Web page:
BRISTOL – City voters got a chance to hear from Mayor Ellen Zoppo-Sassu as she seeks a second term and to get to know her challenger Dante Tagariello Tuesday night, at a candidate forum sponsored by the Bristol Chamber of Commerce at St. Paul Catholic High School.
Moderator Paul Lavoie, general manager at Carey Manufacturing, allowed each candidate an opening statement. Democrat Zoppo-Sassu won the coin toss to go first.
“The first priority the City Council and I tackled was creating a positive environment and a positive climate for both businesses and the people who live and work here,” she said. “We know that it is extremely important for people feel good about where they live and work, and from that many positives can flow.
“We have accomplished this by creating public private partnerships, by leveraging resources, by working with our employees, and creating collaborations that are going to save money but also sustain long term viability for our city moving forward,” she continued. “At the forefront of all of these policies is economic development, which is the fuel for our grand list, which has grown $1.1 million over the last year.”
Zoppo-Sassu said her administration has 654 new business accounts registered with the assessor’s office. She and Justin Malley, Bristol Development Authority executive director, “have made over 100 business visits to those who are already here, those thinking about coming, and those that are looking to expand, as well as a few that need a helping hand.”
“We’re also looking to make some structural changes in the way government delivers services and that’s critical for sustainability,” she added.
She noted that she has made the opioid addiction problem a priority issue because it affects both families and employers, “who are looking for a qualified work force who are going to come to work not impaired.”
Zoppo-Sassu offered a snapshot of her day, “because I think when you are an All Heart community you have to live it, not just say it.”
“Today I started at Starbucks, where I had a conversation with a business owner who was paying it forward with a customer who looked like she was down on her last dime,” she said. “I moved on to Mountain View [School] for the new playscape opening. We went to Bristol Hospital to talk to the pastoral staff, about the opioid crisis.”
“And then I got an email saying that we’ve been affirmed for our bond ratings by both [rating agencies] - AAA for one, and AA+ for the other,” she added. “It was a good day.”
Republican Tagariello introduced himself as “a lifelong resident of Bristol and a graduate of Bentley University.”
“Currently and for the past several years, I have worked as a corporate tax accountant for the world’s fifth largest public accounting firm,” he said.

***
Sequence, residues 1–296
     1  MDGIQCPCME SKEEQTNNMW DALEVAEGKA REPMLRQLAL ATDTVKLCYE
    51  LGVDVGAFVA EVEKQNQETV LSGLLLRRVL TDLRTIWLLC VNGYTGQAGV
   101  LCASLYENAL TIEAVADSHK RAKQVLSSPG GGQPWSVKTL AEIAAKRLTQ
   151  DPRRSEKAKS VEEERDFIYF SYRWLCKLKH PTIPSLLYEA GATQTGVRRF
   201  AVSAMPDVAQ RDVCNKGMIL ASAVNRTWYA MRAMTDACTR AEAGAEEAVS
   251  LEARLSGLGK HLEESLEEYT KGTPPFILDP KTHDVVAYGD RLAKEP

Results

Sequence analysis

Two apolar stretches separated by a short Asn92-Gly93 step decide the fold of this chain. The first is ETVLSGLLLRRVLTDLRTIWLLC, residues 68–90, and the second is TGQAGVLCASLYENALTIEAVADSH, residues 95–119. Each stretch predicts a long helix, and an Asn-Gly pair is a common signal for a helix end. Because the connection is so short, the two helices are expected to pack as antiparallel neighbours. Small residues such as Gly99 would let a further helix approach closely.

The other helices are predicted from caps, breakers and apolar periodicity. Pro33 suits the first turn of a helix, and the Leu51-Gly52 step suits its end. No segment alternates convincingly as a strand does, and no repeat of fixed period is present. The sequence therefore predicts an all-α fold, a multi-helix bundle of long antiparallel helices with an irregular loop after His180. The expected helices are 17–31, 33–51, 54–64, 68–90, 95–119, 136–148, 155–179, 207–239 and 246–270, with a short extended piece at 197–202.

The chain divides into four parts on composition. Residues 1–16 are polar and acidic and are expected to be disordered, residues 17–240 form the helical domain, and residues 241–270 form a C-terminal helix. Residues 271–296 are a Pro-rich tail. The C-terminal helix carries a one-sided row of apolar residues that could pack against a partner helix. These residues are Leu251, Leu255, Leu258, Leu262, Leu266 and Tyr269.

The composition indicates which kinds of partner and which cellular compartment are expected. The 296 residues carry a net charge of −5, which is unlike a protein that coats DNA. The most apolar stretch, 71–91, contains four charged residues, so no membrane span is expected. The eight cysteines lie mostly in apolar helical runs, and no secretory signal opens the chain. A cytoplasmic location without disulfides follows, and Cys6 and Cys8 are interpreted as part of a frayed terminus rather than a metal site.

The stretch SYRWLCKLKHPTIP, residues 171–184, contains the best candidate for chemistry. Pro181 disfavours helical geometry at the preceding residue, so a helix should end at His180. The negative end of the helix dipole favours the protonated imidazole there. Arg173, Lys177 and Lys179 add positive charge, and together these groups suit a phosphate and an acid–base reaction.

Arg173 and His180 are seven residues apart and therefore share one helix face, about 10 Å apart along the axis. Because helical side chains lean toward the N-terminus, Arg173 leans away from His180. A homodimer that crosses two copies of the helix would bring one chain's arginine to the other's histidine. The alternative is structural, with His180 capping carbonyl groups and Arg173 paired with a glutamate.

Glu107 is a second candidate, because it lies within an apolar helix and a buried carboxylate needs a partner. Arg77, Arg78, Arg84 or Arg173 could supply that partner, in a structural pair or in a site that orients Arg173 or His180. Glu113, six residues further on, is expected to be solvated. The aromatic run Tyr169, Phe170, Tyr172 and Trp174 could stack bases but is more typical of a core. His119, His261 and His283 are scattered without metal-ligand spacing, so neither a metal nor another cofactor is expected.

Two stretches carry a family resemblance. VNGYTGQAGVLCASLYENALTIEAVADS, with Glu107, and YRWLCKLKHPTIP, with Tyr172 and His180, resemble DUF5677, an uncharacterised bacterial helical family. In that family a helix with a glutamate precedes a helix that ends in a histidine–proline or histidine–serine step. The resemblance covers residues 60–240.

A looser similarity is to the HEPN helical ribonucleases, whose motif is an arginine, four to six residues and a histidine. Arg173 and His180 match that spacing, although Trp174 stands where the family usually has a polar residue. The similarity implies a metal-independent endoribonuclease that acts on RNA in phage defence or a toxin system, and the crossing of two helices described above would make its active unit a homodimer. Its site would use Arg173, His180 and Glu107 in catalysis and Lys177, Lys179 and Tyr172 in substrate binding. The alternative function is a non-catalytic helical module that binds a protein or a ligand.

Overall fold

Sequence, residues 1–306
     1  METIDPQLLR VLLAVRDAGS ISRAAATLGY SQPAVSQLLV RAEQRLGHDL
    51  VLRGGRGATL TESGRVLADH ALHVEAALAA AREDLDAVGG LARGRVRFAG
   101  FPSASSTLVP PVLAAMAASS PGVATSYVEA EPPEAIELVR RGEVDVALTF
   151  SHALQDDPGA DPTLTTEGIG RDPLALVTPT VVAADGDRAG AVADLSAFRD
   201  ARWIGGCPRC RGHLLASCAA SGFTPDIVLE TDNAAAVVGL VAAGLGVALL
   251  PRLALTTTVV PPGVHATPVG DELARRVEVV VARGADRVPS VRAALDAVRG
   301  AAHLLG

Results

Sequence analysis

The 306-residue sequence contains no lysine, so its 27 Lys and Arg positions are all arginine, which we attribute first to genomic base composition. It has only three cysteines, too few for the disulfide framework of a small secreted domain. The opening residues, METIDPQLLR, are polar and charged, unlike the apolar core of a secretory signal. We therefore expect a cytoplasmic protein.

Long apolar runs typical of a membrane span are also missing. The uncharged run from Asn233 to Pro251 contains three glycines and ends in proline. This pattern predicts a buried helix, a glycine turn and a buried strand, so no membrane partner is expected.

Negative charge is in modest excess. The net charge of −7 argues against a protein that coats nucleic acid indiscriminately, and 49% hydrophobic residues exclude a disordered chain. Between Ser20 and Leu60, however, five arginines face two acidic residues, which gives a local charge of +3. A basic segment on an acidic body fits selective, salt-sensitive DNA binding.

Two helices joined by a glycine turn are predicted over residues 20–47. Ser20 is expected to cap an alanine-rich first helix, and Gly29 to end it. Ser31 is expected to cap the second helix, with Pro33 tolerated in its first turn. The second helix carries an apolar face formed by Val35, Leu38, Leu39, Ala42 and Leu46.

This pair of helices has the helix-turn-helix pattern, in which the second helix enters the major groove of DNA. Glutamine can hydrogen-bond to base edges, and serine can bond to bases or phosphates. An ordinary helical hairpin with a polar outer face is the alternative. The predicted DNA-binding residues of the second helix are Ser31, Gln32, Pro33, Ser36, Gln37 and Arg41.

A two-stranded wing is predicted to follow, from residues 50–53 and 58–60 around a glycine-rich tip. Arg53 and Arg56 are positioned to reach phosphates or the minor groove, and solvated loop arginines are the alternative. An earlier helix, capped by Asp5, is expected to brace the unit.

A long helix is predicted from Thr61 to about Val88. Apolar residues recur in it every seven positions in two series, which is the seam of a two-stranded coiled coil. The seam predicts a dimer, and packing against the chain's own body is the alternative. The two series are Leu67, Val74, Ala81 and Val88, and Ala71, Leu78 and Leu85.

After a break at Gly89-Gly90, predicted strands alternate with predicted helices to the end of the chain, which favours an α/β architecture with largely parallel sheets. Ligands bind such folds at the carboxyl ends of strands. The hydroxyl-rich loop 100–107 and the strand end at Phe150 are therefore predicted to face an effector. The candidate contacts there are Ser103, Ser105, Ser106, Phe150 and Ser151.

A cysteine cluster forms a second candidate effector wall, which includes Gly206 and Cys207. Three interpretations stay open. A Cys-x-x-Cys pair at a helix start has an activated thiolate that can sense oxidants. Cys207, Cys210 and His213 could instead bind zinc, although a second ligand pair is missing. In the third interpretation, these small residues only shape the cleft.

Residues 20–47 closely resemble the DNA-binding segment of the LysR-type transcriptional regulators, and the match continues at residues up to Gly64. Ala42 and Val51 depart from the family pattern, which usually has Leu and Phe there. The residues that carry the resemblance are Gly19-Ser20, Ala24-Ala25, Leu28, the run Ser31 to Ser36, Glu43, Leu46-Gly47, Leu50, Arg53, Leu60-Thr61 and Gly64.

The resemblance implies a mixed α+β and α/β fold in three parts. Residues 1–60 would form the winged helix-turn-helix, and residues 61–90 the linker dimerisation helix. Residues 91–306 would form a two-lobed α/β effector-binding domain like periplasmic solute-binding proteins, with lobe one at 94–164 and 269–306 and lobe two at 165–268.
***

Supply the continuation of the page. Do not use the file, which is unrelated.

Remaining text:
“The theme of our campaign is a new generation of accountability,” Tagariello continued. “What that means is our sstance on government is a departure from rhetoric. That’s why we’re the only team with a plan to implement performance based budgeting to better connect our dollars and resources.”
“That’s why we’re the only team with a plan to invest in new technology, to implement best practices to make government leaner,” he said. “And finally that’s why we’re the only team with a plan to create a digital dashboard for investors to make investing in Bristol seamless.”
“Simply put, our promises aren’t for election’s sake, but to drive solutions that are both trackable and tangible to taxpayers,” he said.
In response to a question about the definition of being fiscally responsible, Tagariello said he looks back to “a few years ago when we raised our grand list by $68 million, and delivered periods of 0% tax increases.”
“For me fiscal responsibility is about looking at ways to be innovative, in order to deliver not just the same level of services but increased quality of services through technology. That’s why we have released a plan about investing in technology in our city because when I talk to my clients at work I see some of the great programs that they use, like Tableau and Alteryx, which use data analytics to provide services to the customers at no extra cost,” he said.
Tagariello said his opponent could talk about eliminating city positions through attrition and merged services, “but what we don’t want to hear about is how we’ve raised the cost of government by $10 million.”
“I think that when we talk about efficiencies we have to actually put a plan in place in order to create those efficiencies, so for me it’s about looking at ways in a modern context to deliver results,” he added.
Susan Corica can be reached at 860-973-1802 or email@example.com.